11. Delhi, India

    NASA Technical Reports Server (NTRS)

    2008-01-01

    Delhi is the second largest metropolis in India, with a population of 16 million. Located in northern India along the banks of the Yamuna River, Delhi has the status of a federally-administered union territory. Within it is the district of New Delhi, India's capital. Delhi is one of the oldest continually inhabited cites in the world, with traces of human occupation dating to the second millennium BC. The image was acquired September 22, 2003, covers an area of 30.6 x 34.8 km, and is located near 28.6 degrees north latitude, 77.2 degrees east longitude.

    The image was acquired on August 4, 2005, covers an area of 55.8 x 55.8 km, and is located at 68.6 degrees north latitude, 134.7 degrees west longitude.

    The U.S. science team is located at NASA's Jet Propulsion Laboratory, Pasadena, Calif. The Terra mission is part of NASA's Science Mission Directorate.

  12. Delhi, India

    NASA Technical Reports Server (NTRS)

    2008-01-01

    Delhi is the second largest metropolis in India, with a population of 16 million. Located in northern India along the banks of the Yamuna River, Delhi has the status of a federally-administered union territory. Within it is the district of New Delhi, India's capital. Delhi is one of the oldest continually inhabited cites in the world, with traces of human occupation dating to the second millennium BC. The image was acquired September 22, 2003, covers an area of 30.6 x 34.8 km, and is located near 28.6 degrees north latitude, 77.2 degrees east longitude.

    The image was acquired on August 4, 2005, covers an area of 55.8 x 55.8 km, and is located at 68.6 degrees north latitude, 134.7 degrees west longitude.

    The U.S. science team is located at NASA's Jet Propulsion Laboratory, Pasadena, Calif. The Terra mission is part of NASA's Science Mission Directorate.

  13. Socio-economic effect on socially-deprived communities of developing drinking water quality problems in arid and semi-arid area of central Rajasthan

    NASA Astrophysics Data System (ADS)

    Husain, I.; Husain, J.; Arif, M.

    2014-09-01

    Rajasthan is well known for its Great Thar desert. Central Rajasthan has an arid to semi-arid environment. The area faces either scarcity of water or poor quality of drinking water. In some areas water is transported 2 km or more, which uses time, energy and money. Rich people have their own sources, which is restricted for use by others. Such conditions are affecting socially-deprived communities, both socially and economically. Groundwater is a major source of drinking water due to the unavailability of surface water. There is a lack of groundwater quality knowledge in the community and the data available is hard to understand by consumers. The CCME Water Quality Index is a tool to simplify the water quality report by rating the water on quality standards. It provides meaningful summaries of overall water quality and trends, which is accessible to non-technical lay people. In the present study the objective is to examine the groundwater quality of six districts (Ajmer, Bhilwara, Pali, Rajasamand, Nagaur and Jodhpur), centrally located in Rajasthan, with arid and semi-arid conditions. CCME WQI is also evaluated to produce quality data in a form to be understood by the community. A total of 4369 groundwater sources in 1680 villages from six districts (76 546 km2) were collected and examined. Results are outlined in the Bureau of Indian Standards (BIS: 10500, 2012) and 2952 sources are unsafe for drinking. According to CCME WQI groundwater of 93 villages is poor, 343 villages are marginal, and 369 villages are fair in quality. Toxicological studies of unsafe drinking water and their remedial measures are also discussed. A tentative correlation between prevailing water-borne diseases and quality parameter has also been shown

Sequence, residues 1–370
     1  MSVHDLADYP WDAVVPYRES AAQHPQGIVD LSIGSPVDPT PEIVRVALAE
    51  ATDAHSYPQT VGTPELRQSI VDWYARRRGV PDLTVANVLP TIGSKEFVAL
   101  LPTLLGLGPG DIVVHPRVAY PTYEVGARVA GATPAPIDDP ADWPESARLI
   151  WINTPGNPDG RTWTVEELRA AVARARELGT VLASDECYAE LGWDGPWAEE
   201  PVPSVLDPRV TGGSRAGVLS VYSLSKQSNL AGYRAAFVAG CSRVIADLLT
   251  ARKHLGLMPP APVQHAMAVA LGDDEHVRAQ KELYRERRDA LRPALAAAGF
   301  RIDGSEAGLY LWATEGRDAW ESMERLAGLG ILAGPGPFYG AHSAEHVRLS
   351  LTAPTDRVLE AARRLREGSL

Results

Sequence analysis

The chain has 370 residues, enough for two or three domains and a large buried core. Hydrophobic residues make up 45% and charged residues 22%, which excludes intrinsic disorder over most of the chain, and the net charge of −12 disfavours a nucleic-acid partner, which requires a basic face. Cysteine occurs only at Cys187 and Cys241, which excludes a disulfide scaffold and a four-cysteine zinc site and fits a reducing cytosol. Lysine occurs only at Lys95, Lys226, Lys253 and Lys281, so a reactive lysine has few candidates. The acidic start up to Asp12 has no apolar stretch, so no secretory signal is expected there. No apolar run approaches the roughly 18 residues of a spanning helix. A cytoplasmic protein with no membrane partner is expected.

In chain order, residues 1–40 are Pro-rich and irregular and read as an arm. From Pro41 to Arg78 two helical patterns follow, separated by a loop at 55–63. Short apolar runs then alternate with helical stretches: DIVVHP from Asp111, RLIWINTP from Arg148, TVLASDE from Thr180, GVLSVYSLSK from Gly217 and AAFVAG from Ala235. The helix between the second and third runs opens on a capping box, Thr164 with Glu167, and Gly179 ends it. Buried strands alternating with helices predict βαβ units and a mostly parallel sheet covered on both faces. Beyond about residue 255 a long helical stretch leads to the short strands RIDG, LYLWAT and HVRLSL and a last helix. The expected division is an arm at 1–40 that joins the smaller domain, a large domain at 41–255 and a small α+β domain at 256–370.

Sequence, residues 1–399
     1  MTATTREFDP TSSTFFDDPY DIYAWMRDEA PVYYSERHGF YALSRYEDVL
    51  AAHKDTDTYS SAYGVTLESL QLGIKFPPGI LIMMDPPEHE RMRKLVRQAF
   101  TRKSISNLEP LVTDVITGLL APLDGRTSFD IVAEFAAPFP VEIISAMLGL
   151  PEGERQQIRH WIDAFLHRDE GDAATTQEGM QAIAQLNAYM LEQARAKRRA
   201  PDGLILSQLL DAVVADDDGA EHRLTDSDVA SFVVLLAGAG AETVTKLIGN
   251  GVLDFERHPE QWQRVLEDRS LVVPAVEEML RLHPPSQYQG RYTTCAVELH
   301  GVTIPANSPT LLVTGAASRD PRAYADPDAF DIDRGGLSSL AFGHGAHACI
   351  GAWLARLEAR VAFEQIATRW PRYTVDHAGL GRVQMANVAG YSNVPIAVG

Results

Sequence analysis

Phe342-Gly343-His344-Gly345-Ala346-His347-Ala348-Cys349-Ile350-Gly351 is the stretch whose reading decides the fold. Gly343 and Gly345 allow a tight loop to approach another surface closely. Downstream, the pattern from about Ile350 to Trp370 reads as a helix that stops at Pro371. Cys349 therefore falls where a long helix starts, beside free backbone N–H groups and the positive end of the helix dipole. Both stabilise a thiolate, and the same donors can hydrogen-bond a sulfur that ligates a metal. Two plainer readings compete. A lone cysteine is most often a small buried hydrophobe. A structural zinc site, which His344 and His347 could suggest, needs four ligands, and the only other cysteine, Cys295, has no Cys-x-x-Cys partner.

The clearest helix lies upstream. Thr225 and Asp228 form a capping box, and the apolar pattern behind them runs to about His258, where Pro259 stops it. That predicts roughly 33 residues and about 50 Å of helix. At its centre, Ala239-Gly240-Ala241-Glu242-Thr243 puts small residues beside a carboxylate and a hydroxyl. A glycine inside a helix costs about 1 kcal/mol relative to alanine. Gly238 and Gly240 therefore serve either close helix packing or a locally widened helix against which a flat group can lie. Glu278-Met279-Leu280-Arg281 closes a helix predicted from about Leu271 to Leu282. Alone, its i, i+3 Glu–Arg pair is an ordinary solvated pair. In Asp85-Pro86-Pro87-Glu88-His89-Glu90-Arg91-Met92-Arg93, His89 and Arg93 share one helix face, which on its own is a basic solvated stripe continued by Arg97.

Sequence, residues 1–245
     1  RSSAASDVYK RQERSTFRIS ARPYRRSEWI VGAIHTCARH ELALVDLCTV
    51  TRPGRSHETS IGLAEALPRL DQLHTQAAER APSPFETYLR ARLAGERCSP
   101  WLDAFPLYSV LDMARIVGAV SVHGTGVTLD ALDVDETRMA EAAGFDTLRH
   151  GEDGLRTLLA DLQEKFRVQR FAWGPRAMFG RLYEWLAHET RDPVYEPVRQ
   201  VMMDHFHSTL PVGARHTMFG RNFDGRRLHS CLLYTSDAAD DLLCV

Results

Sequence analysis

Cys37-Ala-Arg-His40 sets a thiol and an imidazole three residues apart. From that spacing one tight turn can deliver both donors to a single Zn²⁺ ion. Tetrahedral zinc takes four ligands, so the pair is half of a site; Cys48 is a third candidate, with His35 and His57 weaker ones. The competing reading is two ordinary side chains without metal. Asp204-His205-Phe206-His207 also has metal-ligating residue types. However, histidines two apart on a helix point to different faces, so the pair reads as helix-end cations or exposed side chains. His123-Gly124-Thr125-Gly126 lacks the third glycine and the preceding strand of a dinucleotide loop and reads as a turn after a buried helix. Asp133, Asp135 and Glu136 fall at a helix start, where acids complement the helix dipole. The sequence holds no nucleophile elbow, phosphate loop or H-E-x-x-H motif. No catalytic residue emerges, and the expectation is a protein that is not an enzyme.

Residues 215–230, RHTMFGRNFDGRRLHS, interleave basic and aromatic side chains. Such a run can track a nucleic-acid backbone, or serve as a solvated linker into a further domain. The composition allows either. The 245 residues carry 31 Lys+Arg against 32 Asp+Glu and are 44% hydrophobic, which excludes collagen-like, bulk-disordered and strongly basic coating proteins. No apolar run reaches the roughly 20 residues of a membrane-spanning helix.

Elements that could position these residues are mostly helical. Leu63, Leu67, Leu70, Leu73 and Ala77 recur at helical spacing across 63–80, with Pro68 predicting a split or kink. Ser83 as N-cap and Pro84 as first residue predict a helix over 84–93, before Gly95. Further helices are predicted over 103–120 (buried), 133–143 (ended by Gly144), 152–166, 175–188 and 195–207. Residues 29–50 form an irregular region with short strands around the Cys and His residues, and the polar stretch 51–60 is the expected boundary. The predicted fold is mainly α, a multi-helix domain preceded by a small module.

14. Extent of Anaemia among Preschool Children in EAG States, India: A Challenge to Policy Makers.

    PubMed

    Singh, Rakesh Kumar; Patra, Shraboni

    2014-01-01

    Background. India is the highest contributor to child anemia. About 89 million children in India are anemic. The study determines the factors that contributed to child anemia and examines the role of the existing programs in reducing the prevalence of child anemia particularly in the EAG states. Methods. The data from the latest round of the National Family Health Survey (NFHS-3) is used. Simple bivariate and multinomial logistics regression analyses are used. Results. About 70% children are anemic in all the EAG states. The prevalence of severe anemia is the highest (6.7%) in Rajasthan followed by Uttar Pradesh (3.6%) and Madhya Pradesh (3.4%). Children aged 12 to 17 months are significantly seven times (RR = 7.99, P < 0.001) more likely to be severely anemic compared to children of 36 to 59 months. Children of severely anemic mothers are also found to be more severely anemic (RR = 15.97, P < 0.001) than the children of not anemic mothers. Conclusions. The study reveals that the existing government program fails to control anemia among preschool children in the backward states of India. Therefore, there is an urgent need for monitoring of program in regular interval, particularly for EAG states to reduce the prevalence of anemia among preschool children.